TOP STORY > >Sales taxes will hit many areas
Leader staff writer
Three new taxes go into effect in Lonoke County on Oct. 1 — a county-wide penny sales tax to pay for a new jail that will be collected for one year only, a 1 percent tax in Austin that was passed to cash in on a new state law that says tax is collected at the point of delivery and a .25 percent tax in Carlisle that will be used for general improvements and to cover city expenses.
The additional taxes will increase Lonoke County’s tax to 2 percent and Carlisle’s to 1.25 percent. However, Oct. 1 will be the first time a sales tax will be collected in Austin.
The new county jail tax is expected to raise $5.5 million to $6 million before it sunsets a year after collection begins. The jail it will pay for is expected to house 140 inmates compared to 70 in the existing jail.
In Carlisle, the .25 percent tax that voters narrowly approved had been collected to pay off bonds for water and sewer improvements. That tax ended when the bonds were retired this year, but city residents voted to allow it to be collected again to help pay the costs of running the city. The new .25 percent tax does not have a sunset clause.
Austin Mayor Bernie Chamber-lain said the city’s new 1 percent tax will pay for much needed improvements all over the city, such as the completion of a fire station, street repair and new cars for the police department.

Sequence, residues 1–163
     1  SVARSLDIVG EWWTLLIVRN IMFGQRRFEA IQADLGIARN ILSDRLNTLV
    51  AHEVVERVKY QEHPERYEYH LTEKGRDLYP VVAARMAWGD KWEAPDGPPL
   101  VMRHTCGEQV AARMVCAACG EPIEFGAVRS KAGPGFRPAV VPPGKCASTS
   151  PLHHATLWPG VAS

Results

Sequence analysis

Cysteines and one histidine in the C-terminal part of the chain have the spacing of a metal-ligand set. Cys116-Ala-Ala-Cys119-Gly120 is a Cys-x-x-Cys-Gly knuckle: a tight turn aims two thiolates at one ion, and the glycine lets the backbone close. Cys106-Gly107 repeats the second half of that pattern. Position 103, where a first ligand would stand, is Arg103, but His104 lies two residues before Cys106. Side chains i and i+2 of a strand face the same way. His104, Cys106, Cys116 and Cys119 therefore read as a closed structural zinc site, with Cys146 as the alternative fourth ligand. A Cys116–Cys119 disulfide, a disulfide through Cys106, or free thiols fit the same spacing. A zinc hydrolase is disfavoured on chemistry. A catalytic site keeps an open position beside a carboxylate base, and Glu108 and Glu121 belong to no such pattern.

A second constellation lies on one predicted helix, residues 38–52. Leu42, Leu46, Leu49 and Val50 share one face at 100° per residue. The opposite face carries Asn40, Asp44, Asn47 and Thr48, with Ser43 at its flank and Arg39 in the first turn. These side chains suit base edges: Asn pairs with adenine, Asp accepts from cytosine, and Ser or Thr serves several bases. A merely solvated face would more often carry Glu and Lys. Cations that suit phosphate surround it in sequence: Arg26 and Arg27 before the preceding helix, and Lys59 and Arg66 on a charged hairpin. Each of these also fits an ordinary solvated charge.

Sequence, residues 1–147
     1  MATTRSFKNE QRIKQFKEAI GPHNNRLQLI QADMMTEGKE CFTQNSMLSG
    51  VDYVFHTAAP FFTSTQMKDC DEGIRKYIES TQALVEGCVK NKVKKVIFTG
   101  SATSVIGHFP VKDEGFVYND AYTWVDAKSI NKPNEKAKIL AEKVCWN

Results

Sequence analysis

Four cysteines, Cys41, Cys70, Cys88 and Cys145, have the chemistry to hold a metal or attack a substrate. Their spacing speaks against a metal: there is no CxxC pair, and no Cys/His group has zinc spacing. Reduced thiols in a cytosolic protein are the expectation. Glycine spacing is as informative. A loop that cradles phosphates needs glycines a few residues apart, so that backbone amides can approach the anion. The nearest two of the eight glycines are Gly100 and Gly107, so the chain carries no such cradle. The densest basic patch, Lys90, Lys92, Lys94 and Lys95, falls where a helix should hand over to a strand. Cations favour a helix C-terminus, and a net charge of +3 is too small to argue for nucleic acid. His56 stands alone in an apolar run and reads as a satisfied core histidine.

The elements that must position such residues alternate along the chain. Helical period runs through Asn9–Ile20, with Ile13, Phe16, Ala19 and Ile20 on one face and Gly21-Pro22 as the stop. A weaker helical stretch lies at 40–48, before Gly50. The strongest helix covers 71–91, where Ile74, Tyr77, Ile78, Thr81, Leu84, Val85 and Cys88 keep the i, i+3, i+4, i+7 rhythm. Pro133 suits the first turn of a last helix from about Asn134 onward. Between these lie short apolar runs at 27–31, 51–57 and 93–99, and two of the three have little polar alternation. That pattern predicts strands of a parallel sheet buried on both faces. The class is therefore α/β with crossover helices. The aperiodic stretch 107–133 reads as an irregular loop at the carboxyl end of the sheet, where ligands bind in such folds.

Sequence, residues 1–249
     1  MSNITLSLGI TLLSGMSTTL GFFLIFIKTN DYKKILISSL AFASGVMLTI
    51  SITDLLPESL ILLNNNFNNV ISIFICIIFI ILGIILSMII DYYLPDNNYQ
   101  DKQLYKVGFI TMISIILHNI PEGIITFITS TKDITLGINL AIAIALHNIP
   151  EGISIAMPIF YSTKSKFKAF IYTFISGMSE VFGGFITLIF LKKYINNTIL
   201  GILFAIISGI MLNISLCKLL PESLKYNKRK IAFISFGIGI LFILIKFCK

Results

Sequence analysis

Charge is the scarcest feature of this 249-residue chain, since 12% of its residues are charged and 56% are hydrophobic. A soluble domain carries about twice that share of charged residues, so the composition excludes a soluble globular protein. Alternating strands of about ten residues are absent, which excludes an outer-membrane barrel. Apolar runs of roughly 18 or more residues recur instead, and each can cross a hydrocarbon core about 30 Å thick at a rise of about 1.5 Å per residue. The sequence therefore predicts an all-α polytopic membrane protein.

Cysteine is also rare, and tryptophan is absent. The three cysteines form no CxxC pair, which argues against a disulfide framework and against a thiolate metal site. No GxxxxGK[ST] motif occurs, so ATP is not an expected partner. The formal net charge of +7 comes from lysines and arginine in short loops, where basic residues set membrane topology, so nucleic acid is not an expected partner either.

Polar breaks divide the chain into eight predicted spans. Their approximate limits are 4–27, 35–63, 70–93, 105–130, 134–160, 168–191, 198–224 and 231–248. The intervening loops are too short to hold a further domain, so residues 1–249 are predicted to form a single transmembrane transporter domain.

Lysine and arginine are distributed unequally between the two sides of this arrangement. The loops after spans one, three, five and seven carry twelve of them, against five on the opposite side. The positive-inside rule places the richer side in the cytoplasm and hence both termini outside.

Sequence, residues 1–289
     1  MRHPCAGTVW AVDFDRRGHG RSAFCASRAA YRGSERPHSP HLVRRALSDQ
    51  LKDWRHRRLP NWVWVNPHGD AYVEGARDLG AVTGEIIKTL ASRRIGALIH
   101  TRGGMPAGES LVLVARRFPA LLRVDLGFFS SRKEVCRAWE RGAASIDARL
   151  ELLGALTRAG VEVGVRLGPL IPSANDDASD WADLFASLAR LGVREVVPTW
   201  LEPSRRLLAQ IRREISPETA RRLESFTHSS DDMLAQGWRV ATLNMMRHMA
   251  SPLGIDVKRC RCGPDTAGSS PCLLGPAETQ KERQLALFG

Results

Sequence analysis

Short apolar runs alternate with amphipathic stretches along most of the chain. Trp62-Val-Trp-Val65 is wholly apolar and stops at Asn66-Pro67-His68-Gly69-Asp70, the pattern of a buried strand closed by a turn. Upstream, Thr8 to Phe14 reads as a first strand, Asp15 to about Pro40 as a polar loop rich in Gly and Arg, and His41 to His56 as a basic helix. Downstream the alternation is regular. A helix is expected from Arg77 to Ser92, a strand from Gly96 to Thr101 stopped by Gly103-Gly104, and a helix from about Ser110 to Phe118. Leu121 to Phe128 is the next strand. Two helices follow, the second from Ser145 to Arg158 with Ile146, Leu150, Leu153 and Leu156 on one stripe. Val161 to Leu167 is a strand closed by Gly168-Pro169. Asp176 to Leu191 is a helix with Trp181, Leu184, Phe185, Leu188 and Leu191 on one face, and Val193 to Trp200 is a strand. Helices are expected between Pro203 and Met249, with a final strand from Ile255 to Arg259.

Like other parts of northern Lonoke County, Austin is growing. The city has annexed several subdivisions and issues about 50 building permits a year.
Since Austin has no building- supply stores, all building materials for those houses are delivered and since a new state law went into effect Jan. 1, Austin has lost money on every load.
The point-of-delivery law that several states have passed is aimed at catalog and internet businesses which have not necessarily collected sales tax in the past.
But it also affects the “brick and mortar” businesses like furniture stores and lumber supply stores that often deliver the merchandise outside the cities where they are located.
County Judge Charlie Trout-man says he hopes the jail can be built using mostly inmate labor on loan from the state Correction Department or with the help of Act 309 trustee laborers.
County officials have sought for years an alternative to the overcrowded, inadequate and dangerous jail first built in 1972 and remodeled in 1992.
It was designed for 40 inmates. With additions, its current capacity is 72 beds and frequently holds more than 90 inmates with a high of 98.
The Public Policy Center of the Agriculture Extension Service found the current jail lacking or inadequate in the following areas:
No central control format, with doors facing every direction.n
No sally port, an enclosed area for loading prisoners in and out of the jail
Electrical and plumbing are in poor operating condition, according to Sheriff Jim Roberson.
The lock system is outdated.
The jail is unsanitary and unsafe for prisoners and employees.
The camera monitoring system is “considered poor.”
Female cells, designed for seven sometimes hold 15.
overcrowded, unsafe conditions have resulted in multi-million dollar lawsuits.